Determining the Validity of Coding

To ensure that we have reached conceptual depth (sometimes also referred to as saturation; Saunders et al., 2018), which is the point when we have gathered enough data for constructing a theory, we used the annotated codebook approach (Nelson, 2017). This approach supplements the codebook with a saturation grid (hence annotated codebook). A saturation grid is a tabulation of interviews listed along the horizontal (in our case, we listed individual participants to make the large amount of data tractable) and the codes listed along the vertical. The occurrence of each new code is marked in the appropriate cells. When in several subsequent interviews, no new codes can be induced from the raw data, we can claim that we have reached conceptual depth. Table 1 represents a condensed saturation grid for our study. We have reached saturation after completing the interviews with Participant 14.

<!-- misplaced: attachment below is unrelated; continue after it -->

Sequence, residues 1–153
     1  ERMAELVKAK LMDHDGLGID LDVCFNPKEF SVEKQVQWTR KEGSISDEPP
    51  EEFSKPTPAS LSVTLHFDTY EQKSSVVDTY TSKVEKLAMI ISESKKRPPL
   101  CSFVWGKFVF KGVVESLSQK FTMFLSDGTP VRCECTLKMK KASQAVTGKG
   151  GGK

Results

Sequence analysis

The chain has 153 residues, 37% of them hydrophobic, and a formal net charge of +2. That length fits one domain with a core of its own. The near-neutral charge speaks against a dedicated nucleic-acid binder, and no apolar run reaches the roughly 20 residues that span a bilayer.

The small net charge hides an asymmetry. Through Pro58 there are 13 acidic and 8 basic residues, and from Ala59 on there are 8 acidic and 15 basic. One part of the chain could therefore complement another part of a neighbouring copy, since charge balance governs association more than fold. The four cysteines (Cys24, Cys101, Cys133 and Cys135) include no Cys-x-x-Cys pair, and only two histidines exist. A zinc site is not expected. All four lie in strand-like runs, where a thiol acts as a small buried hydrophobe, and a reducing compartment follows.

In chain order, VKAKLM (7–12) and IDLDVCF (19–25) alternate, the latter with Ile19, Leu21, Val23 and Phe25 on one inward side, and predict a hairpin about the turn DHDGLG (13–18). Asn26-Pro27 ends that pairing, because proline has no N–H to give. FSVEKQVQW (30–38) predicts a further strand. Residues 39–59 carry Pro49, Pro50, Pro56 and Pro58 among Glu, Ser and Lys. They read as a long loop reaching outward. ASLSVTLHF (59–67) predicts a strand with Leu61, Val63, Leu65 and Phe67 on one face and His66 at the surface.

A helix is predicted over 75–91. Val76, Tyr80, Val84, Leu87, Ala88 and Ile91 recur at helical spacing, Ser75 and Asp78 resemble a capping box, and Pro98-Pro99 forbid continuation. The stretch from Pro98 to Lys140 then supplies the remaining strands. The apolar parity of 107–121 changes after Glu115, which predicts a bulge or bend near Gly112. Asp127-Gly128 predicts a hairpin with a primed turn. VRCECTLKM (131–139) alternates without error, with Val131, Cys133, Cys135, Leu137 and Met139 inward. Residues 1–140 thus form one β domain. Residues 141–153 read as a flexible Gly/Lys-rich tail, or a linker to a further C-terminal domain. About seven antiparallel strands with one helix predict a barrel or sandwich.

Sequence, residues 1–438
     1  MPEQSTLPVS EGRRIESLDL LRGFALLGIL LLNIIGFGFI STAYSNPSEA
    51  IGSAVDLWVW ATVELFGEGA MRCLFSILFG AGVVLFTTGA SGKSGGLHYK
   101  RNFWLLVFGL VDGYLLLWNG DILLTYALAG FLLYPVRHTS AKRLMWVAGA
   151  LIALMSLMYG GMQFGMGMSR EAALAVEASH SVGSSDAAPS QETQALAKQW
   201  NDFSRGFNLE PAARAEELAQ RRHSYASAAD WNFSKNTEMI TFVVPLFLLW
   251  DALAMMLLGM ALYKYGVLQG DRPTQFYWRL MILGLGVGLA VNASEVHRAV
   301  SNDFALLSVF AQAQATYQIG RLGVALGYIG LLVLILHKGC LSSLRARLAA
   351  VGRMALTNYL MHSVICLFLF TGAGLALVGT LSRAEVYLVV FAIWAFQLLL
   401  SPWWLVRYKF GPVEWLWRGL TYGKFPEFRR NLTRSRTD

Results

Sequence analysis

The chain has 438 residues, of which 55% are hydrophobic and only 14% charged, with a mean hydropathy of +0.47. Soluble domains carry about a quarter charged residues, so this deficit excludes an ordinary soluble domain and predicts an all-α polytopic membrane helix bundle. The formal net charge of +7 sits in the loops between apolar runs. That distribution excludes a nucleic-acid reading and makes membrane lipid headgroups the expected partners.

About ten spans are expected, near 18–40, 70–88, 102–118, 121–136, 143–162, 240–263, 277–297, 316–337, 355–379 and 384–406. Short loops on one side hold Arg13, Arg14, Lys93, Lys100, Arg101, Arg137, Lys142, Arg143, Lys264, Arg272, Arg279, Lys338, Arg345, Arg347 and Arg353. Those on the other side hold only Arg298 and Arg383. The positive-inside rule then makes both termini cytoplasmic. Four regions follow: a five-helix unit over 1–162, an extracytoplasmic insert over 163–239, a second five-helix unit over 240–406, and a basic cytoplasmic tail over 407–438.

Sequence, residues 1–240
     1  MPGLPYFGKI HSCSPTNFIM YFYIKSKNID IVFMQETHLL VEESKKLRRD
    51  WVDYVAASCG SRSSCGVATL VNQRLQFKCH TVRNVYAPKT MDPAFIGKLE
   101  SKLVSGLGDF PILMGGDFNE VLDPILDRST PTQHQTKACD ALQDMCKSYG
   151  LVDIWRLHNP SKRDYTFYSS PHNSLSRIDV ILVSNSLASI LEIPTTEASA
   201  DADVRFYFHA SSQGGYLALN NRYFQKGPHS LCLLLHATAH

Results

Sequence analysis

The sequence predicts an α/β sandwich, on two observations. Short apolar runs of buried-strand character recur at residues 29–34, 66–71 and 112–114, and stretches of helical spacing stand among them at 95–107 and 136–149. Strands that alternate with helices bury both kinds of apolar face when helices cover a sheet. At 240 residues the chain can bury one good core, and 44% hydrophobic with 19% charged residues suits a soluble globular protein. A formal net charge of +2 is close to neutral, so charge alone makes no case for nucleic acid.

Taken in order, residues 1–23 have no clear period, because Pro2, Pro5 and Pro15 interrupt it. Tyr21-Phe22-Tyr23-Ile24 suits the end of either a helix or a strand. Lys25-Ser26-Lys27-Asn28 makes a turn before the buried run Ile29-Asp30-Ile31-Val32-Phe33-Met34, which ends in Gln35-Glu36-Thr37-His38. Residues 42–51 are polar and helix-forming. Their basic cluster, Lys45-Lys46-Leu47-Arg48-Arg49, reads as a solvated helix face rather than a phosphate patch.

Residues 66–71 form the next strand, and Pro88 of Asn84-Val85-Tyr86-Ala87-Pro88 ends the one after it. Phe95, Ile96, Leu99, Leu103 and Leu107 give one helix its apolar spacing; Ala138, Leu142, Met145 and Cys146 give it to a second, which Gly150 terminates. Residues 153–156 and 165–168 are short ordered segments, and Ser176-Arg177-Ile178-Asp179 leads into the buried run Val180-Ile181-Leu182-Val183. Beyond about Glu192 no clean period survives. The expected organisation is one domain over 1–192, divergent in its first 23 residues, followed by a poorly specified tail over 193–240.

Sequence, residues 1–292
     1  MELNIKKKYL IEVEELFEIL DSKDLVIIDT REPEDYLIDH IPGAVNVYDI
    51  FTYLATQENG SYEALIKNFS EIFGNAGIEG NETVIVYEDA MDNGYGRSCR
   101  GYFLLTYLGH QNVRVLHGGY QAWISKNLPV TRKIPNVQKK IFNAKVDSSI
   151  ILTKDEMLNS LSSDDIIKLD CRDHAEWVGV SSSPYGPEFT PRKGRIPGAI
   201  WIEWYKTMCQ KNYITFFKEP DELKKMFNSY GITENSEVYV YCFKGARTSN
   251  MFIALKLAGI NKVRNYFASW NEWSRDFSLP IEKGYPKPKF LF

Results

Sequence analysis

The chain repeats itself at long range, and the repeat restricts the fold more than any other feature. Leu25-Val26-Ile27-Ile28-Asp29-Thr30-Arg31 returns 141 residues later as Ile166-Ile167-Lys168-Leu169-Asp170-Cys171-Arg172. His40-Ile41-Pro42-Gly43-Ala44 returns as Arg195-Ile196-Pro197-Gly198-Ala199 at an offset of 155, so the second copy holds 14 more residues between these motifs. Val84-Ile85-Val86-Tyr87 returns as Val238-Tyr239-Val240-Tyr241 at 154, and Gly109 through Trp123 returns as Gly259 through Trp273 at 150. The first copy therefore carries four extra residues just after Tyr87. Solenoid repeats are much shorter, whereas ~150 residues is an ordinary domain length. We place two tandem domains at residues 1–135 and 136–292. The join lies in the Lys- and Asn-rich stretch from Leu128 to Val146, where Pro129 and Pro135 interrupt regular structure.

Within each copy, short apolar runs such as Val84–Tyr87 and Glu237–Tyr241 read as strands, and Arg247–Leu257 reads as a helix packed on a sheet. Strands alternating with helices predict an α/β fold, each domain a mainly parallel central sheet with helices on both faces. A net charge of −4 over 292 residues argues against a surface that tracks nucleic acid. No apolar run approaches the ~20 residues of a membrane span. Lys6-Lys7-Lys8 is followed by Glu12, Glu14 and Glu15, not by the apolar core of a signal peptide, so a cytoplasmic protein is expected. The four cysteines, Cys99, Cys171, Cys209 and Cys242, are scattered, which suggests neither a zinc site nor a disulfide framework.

Table 1. Condensed saturation grid.

To ensure the validity of our coding process we further took two measures: intercoder verification and consensual validation. The former refers to checking whether two independent coders reached the same types of codes on the same subset of data. To this effect, the codebook was agreed on by the two principal coders, and the entirety of the gathered phenomenal data was subsequently subjected to the same codebook. Consensual validation refers to us checking with the participants themselves whether they agree that our coding process accurately reflects their experience. Consensual validation took the form of additional interviews in which the participants were given the experiential categories and asked to use them to report on their experience according to those categories. Participants were also given the opportunity to comment on whether the categories do not match their experience. No large changes were made by the participants except for remarking that the original name for the category impression should be changed from the Latin imprimatura to make it ‘‘less pretentious.’’2 In total, five sessions were conducted with participants who were perceived by the researchers as most skilled in observing and reporting on their experience.